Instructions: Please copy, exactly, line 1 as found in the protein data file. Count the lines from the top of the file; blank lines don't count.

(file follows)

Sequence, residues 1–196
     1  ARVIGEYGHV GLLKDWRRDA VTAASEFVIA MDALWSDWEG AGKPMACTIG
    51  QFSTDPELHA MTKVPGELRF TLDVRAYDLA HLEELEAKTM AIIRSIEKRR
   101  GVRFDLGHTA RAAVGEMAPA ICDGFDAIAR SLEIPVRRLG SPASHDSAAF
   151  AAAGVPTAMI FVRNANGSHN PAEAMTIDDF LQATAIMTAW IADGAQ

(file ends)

Sequence, residues 1–196